M. D. Ripley

"Mike Ripley"
(REAL NAME)
Mike Ripley - writer and archaeologist.
Top Reviewer Ranking: 4,069
Helpful votes received on reviews: 94% (272 of 289)
Location: England

 

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Top Reviewer Ranking: 4,069 - Total Helpful Votes: 272 of 289
Barbouze by Alan Williams
Barbouze by Alan Williams
All the trade-mark characteristics of an Alan Williams adventure thriller coalesce in Barbouze, his early masterpiece first published in 1962. There's a footloose, dissolute and cynical hero - usually a journalist - who begins as the innocent Englishman abroad and rapidly finds himself embroiled in foreign conflicts, often being duped along the way by a femme fatale or a double-crossing criminal mastermind. In Barbouze the innocent abroad is Fleet Street lobby correspondent Neil Ingleby who soon finds himself well out of his depth when the action moves from Greece to war-torn Algeria attempting to throw off French colonial rule. There are gunfights, car chases, drunken foreign… Read more
The Beria Papers by Alan Williams
The Beria Papers by Alan Williams
4.0 out of 5 stars Ahead of its time, 13 Jun 2014
Alan Williams' 1973 best-selling thriller is a remarkable book for having one eye on the past - the private diaries of Stalin's chief secret policeman - and one on the future, as it uncannily predicts the publishing scandal of the faked "Hitler Diaries" of the 1980s. In Williams' novel we know that Beria's diaries are fakes from the start, concocted by an unscrupulous triumvirate of a pompous Russian political emigre (and gastronome), a sexy, footloose female Georgian student and an insecure British foreign correspondent and novelist (not unlike Alan Williams himself) whose talent, in modern parlance, is to "sex up the dossier" - in this case quite literally. The novel… Read more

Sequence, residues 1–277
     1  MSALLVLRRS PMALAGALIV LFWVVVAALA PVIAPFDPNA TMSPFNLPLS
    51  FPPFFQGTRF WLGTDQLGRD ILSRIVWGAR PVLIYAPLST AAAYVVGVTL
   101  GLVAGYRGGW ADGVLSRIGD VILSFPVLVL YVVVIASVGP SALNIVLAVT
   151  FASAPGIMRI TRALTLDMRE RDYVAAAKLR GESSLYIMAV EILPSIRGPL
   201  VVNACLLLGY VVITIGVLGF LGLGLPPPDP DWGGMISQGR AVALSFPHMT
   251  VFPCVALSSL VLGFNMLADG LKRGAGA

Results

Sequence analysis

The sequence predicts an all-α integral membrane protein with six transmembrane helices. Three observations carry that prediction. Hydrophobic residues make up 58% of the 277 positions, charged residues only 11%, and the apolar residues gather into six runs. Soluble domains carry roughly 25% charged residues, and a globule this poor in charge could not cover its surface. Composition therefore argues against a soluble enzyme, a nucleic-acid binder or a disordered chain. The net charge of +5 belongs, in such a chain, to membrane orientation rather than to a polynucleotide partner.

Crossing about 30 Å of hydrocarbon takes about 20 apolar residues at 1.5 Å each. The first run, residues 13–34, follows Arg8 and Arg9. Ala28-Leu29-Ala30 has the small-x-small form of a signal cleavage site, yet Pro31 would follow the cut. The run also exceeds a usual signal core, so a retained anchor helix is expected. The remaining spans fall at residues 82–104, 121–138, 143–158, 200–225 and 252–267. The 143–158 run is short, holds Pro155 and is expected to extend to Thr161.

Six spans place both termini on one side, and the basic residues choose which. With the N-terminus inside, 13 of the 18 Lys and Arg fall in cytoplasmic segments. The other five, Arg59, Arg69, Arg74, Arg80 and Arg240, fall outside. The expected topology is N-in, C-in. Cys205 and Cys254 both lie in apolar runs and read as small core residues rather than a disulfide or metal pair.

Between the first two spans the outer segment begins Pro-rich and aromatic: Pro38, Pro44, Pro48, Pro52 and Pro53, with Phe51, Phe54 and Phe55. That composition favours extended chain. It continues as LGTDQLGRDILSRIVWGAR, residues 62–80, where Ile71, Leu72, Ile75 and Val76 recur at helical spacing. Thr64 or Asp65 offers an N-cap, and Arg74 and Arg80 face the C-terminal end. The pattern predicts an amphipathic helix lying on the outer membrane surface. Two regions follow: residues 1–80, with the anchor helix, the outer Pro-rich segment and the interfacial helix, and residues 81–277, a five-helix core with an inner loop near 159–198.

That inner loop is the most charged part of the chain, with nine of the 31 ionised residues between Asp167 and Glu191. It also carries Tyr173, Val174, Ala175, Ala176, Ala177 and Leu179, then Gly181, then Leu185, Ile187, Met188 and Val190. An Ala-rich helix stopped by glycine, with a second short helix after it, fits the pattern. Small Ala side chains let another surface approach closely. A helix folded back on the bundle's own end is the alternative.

Long Run South by Alan Williams
Long Run South by Alan Williams
5.0 out of 5 stars Nobody did it better, 13 Jun 2014
When it came to action-adventure stories of young, dissolute and slightly desperate Englishmen abroad in exotic and often violent locations, no one did it better than Alan Williams in his early thrillers such as Long Run South (Morocco), Barbouze (Greece and Algeria) and Snake Water (the jungles of South America). Apart from being thrilling stories in their own right, they are often insightful, sometimes cynical, reflections on politics and human frailty. Disgracefully forgotten, Williams was a terrific writer and is long overdue a revival.

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